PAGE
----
Popular Mechanics: 1954 Mock-Up of 'Home Computer'
Netlore Archive: Forwarded image from a 1954 issue of Popular Mechanics supposedly shows the RAND Corporation's conception of what a home computer would look like in the future.
Description: Viral image / Hoax
Circulating since: Oct. 2004
Status: Fake / False (see details below)
Email contributed by B. Dunlop, Nov. 23, 2004:
Subject: FW: 1954 Popular Mechanics
In 1954, Popular Mechanics showed its readers what a home computer might look like this year (2004).
Analysis: Albeit significantly doctored, what you're actually looking at in the image above is a full-scale mock-up of the maneuvering room of a U.S. nuclear submarine, not someone's conception of a "home computer" as envisioned in 1954
The original picture, snapped by an unknown photographer at a 2000-2003 Smithsonian Institution exhibit called "Fast Attacks and Boomers: Submarines of the Cold War," was fodder for a Fark.com Photoshop contest that ran in September 2004. The altered image above, with a fictitious caption written for the occasion, comprised one entry in that contest.
The caption reads:
Scientists from the RAND corporation have created this model to illustrate how a "Home Computer" could look like in the year 2004. However, the needed technology will not be economically feasible for the average home. Also the scientists readily admit that the computer will require not yet invented technology to actually work, but 50 years from now scientific progress is expected to solve these problems. With teletype interface and the FORTRAN language, the computer will be easy to use.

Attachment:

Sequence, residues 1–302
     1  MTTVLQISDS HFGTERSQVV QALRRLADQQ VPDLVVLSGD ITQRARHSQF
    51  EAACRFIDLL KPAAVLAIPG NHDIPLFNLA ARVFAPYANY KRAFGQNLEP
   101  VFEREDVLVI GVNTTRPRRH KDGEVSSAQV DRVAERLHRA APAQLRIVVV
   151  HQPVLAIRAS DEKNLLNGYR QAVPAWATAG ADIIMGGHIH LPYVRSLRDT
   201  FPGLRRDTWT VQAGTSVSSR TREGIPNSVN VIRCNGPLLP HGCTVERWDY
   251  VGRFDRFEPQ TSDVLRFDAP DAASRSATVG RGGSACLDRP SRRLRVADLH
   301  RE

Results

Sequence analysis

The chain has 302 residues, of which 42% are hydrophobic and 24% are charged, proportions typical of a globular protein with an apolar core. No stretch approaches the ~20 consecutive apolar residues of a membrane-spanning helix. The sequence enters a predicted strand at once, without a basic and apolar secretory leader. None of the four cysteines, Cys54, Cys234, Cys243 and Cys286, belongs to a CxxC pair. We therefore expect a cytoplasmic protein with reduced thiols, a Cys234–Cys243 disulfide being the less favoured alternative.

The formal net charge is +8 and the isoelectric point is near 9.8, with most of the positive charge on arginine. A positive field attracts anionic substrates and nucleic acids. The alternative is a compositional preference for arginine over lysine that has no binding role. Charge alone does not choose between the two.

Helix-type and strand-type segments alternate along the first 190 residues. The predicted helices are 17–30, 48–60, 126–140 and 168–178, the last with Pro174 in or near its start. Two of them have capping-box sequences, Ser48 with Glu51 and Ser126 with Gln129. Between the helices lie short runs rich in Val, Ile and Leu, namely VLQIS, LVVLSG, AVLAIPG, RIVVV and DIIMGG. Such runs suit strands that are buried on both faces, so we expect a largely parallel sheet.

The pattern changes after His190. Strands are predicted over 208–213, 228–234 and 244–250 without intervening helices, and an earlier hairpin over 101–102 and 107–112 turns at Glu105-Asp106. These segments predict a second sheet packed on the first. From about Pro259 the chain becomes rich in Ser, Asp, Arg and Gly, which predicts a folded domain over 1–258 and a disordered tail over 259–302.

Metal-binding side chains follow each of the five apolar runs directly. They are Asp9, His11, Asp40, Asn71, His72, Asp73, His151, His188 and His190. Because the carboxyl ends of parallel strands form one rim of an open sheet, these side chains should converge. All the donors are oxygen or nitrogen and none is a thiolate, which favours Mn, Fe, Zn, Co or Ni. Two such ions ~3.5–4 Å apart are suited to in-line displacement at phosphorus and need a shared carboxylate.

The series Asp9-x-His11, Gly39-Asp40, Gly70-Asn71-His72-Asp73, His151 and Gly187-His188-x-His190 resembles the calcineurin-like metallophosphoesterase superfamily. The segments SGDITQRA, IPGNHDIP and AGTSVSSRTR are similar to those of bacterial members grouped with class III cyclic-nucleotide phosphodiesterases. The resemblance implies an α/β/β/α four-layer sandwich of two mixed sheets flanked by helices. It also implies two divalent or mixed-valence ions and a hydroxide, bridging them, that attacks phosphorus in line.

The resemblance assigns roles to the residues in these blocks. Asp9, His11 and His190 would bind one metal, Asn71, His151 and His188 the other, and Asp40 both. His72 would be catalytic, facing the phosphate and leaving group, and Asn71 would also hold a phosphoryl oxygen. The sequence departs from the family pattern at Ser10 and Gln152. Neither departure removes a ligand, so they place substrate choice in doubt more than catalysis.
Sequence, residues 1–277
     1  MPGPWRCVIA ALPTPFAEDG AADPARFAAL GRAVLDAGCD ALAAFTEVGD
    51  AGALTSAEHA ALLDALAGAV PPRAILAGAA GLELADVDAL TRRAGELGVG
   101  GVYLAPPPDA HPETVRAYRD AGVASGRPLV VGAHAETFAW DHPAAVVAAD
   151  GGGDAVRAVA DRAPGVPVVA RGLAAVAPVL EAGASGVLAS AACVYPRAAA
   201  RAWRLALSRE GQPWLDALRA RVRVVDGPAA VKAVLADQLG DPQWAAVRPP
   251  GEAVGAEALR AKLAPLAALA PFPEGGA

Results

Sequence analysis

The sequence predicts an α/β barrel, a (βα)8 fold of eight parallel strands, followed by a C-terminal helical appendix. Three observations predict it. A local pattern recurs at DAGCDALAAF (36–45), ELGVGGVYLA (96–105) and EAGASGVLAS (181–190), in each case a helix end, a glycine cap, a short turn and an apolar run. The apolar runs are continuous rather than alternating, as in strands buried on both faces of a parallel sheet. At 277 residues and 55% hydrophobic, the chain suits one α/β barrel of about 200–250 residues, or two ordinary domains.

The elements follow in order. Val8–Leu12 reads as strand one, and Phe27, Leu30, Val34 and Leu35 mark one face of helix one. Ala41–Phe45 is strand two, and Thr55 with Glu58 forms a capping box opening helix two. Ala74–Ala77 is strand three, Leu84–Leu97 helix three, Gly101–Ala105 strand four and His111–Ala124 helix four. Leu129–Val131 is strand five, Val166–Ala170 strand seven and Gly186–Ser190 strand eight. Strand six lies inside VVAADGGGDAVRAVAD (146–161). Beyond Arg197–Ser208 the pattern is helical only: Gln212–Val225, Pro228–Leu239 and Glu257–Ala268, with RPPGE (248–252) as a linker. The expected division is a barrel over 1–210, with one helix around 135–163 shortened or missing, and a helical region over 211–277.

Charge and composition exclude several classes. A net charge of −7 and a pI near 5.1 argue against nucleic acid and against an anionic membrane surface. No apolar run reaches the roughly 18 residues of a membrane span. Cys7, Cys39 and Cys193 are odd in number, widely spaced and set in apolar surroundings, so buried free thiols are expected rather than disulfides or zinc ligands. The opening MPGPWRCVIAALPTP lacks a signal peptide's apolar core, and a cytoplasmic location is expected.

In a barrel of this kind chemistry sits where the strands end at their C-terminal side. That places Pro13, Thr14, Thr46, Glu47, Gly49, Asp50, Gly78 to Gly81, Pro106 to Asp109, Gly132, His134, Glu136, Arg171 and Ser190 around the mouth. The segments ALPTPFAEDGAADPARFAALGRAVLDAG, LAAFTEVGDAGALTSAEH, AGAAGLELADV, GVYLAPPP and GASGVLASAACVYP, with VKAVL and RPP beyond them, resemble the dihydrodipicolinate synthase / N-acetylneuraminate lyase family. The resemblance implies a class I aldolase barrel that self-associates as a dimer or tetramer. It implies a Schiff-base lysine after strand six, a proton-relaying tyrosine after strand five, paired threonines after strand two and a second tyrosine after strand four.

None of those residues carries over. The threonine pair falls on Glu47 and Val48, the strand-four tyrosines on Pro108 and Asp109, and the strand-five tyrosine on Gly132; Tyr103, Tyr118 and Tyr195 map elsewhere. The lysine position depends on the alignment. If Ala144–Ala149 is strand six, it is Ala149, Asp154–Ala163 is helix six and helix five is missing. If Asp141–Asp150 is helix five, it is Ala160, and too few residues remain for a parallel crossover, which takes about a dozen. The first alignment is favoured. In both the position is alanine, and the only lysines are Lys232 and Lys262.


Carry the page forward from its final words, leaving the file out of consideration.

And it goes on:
Which is just silly, if you think about it. Why would engineers waste their valuable time building a mock-up of a home computer that no average person could afford? Nor is there anything "easy to use" about a teletype interface or the FORTRAN programming language.
Given that even the smallest functioning computers in the 1950s were big enough to fill a master bedroom, no one at the time could have envisioned them becoming home appliances. Remington Rand's UNIVAC I, the very first commercial computer made in the United States, weighed 29,000 pounds and occupied over 350 square feet of floor space. Like other computer models of the time, it didn't have a video monitor, let alone a steering wheel.
Update: Popular Mechanics published its own debunking of the falsified photo in the Dec. 2004 issue: "Fictitious '54 Home Computer"
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Sources and further reading:
Unstoppable Rise of the Home Computer
BBC News, 9 February 2004
Wikipedia article on Remington Rand's first commercial computer
Fast Attacks and Boomers: Submarines of the Cold War
Smithosonian Institution Website
Photoshop this Mock-Up of a Submarine's Maneuvering Room
Remnants of the 2004 Fark.com Photoshop contest
Last updated: 11/15/12